The Prospect and Benefits of Using the Partial-Averaged Navier-Stokes Method for Engine Flows 2020-01-1107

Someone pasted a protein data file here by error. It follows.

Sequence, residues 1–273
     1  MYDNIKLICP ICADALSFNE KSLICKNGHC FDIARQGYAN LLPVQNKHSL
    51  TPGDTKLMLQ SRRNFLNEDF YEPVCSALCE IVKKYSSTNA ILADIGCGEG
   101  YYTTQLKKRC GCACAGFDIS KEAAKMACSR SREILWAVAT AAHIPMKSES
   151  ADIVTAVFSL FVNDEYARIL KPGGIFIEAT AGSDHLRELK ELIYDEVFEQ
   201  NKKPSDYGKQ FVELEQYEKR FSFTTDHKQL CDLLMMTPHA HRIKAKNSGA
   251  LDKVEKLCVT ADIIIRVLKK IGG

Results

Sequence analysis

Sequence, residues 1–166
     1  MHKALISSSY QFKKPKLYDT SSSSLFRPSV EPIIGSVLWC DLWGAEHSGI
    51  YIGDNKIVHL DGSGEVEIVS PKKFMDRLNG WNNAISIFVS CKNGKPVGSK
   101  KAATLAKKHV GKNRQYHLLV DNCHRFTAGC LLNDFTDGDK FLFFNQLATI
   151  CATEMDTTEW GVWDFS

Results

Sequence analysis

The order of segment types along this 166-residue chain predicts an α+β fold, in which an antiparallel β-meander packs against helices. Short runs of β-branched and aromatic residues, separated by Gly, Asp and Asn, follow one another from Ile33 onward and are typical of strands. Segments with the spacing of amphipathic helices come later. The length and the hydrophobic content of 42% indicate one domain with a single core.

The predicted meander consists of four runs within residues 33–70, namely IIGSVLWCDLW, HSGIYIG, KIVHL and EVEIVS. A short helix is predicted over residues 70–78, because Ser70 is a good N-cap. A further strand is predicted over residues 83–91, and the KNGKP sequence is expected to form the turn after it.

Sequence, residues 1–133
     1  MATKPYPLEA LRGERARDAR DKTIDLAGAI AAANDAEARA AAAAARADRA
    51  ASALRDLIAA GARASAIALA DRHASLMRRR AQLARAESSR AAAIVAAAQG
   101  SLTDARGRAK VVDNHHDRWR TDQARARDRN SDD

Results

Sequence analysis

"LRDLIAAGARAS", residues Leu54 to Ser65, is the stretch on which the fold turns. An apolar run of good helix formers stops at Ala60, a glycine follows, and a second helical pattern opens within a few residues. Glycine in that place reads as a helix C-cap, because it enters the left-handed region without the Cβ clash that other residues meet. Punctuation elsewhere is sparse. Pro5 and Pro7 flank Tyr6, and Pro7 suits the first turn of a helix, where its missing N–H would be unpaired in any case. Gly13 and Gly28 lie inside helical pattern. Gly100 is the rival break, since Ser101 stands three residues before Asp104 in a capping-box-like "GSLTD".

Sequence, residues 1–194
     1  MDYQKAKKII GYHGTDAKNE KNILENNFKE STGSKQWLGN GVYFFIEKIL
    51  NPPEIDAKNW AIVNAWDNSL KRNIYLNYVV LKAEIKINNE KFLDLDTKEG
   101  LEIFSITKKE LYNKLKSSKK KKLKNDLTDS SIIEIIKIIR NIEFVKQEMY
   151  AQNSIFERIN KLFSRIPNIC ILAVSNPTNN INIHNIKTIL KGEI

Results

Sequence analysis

This paper presents calculations of engine flows by using the Partially-Averaged Navier Stokes (PANS) method (Girimaji ; ). The PANS is a scale-resolving turbulence computational approach designed to resolve large scale fluctuations and model the remainder with appropriate closures. Depending upon the prescribed cut-off length (filter width) the method adjusts seamlessly from the Reynolds-Averaged Navier-Stokes (RANS) to the Direct Numerical Solution (DNS) of the Navier-Stokes equations. The PANS method was successfully used for many applications but mainly on static geometries, e.g. Basara et al. ; . This is due to the calculation of the cut-off control parameter which requires that the resolved kinetic energy is known and this is usually obtained by suitably averaging of the resolved field. Such averaging process is expensive and impractical for engines as it would require averaging per cycles. A recently published work on PANS (Basara et al. ) opens a prospect of more cost-effective engine calculations. This new PANS approach solves the additional equation for a total resolved turbulent kinetic energy which enables continuous (in situ) update of the resolution parameter fk. Thus fk. is dynamically specified in time and space depending on the flow and computational meshes. Calculation results of the IC engine will be compared with the measurements which include cycle-to-cycle variations and emission data.